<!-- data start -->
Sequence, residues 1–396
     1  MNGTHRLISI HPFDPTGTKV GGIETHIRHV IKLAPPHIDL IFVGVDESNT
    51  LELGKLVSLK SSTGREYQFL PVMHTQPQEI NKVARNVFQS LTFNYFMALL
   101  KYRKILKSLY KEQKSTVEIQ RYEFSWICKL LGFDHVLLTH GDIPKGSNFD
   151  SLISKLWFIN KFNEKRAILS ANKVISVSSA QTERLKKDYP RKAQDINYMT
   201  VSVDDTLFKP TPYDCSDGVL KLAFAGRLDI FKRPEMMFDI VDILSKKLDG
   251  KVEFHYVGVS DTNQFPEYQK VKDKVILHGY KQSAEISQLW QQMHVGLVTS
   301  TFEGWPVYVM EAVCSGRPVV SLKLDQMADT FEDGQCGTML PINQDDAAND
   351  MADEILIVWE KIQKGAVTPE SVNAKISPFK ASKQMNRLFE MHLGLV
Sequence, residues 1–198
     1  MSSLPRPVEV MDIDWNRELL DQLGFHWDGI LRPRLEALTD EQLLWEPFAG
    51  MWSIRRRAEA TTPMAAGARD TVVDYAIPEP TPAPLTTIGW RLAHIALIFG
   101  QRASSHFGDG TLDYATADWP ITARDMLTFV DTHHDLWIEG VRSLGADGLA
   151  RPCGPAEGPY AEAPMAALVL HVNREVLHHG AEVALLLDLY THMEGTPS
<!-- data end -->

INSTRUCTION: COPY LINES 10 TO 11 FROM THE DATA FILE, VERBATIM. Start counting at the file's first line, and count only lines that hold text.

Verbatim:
Sequence, residues 1–198
     1  MSSLPRPVEV MDIDWNRELL DQLGFHWDGI LRPRLEALTD EQLLWEPFAG